Mary Grace Mauney, an 18-year-old high school senior from Lilburn, Ga., has a mild form of autism that wasn't diagnosed until she was 9.
As a young girl, she didn't smile, spoke in a very formal manner and began to repeat the last word or syllable of her sentences. She was prone to intense tantrums, but only outside school. There, she excelled and was in gifted classes.
"I took her to a therapist and they said she was just very sensitive and very intense and very creative," said her mother, Maureen, 54.
Pediatricians should send such children for "early intervention as soon as you even think there's a problem," Johnson said.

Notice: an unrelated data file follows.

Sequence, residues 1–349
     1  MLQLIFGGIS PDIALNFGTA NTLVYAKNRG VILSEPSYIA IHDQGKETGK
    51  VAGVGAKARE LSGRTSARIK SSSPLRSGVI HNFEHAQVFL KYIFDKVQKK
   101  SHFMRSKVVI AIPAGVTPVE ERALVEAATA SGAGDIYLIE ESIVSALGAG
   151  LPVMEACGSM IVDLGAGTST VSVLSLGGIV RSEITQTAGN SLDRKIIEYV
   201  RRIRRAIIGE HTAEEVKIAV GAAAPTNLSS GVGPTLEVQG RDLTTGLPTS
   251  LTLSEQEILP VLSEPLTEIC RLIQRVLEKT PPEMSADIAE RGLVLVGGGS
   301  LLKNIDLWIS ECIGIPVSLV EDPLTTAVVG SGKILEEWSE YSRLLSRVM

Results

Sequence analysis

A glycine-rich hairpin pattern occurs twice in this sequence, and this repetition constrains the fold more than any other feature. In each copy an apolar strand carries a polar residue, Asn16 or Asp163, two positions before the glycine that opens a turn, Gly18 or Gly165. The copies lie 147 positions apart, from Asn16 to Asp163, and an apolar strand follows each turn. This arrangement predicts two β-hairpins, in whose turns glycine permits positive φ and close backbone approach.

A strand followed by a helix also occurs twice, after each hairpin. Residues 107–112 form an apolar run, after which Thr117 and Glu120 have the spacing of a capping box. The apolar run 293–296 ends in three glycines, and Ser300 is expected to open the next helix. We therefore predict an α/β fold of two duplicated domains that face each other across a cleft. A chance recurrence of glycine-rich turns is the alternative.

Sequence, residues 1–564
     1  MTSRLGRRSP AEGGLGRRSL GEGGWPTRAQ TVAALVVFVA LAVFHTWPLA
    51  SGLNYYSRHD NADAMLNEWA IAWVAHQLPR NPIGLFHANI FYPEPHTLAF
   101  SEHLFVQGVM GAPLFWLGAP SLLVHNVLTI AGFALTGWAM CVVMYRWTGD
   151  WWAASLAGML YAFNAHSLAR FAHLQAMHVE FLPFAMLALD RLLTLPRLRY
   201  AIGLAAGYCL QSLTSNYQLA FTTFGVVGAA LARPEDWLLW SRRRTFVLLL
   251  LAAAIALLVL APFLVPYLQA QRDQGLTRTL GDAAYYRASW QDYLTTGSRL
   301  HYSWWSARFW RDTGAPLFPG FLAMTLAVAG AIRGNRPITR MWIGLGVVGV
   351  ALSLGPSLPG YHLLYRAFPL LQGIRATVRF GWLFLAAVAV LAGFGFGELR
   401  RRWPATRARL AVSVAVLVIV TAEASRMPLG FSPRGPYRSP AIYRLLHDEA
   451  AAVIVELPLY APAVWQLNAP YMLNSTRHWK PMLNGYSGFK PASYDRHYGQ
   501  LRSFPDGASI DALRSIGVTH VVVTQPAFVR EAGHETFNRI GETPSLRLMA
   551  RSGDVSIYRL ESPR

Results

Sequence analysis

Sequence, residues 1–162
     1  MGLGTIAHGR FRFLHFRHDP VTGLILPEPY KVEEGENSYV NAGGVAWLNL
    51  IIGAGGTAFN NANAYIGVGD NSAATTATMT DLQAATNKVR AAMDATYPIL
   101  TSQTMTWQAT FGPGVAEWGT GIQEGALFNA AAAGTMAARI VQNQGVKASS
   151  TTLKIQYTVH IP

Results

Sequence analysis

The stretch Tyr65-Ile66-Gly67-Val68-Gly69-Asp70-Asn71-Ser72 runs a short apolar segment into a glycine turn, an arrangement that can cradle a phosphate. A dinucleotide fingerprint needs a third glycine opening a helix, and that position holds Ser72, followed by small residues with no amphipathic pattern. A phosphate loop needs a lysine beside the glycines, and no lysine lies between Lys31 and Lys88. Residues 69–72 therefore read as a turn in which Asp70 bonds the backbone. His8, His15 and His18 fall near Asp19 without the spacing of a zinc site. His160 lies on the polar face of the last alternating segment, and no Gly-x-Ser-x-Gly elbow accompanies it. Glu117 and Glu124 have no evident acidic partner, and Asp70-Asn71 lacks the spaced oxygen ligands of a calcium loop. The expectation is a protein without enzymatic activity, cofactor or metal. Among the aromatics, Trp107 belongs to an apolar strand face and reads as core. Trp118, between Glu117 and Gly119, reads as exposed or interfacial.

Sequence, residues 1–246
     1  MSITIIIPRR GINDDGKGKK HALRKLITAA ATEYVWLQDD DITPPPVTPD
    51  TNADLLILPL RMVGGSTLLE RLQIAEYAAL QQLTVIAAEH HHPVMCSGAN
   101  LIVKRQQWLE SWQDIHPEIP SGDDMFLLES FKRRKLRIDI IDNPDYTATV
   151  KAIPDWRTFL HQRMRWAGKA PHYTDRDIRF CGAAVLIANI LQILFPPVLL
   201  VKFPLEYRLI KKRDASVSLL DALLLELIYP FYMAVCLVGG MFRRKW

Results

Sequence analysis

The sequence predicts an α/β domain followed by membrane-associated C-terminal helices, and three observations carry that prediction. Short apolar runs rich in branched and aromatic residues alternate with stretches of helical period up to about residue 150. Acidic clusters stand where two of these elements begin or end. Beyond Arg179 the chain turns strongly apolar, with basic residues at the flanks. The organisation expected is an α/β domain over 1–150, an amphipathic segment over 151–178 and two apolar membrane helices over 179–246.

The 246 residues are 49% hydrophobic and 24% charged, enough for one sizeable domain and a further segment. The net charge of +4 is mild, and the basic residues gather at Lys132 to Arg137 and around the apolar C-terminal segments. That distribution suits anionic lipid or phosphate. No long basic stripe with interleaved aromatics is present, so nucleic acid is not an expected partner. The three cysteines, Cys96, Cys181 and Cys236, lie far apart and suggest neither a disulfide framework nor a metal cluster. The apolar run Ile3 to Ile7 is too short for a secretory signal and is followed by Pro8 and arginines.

Dr. Ruby Roy, a pediatrician with Loyola University Medical Center, who treats at least 20 autistic children, applauded the reports.
"This is a disorder that is often missed, especially when it's mild, and the mild kids are the ones ... who can be helped the most," Roy said.
Dr. Dirk Steinert, who treats children and adults at Columbia St. Mary's clinic in suburban Milwaukee, said the push for early autism screening is important - but that it's tough to squeeze it into a child's regular wellness checkup.
Some pediatricians have tried scheduling a visit just to check for developmental problems, when children are 2½. The problem is that insurance doesn't always cover these extra visits, Steinert said.
Posted by LS
CBS and Associated Press contributed to this report.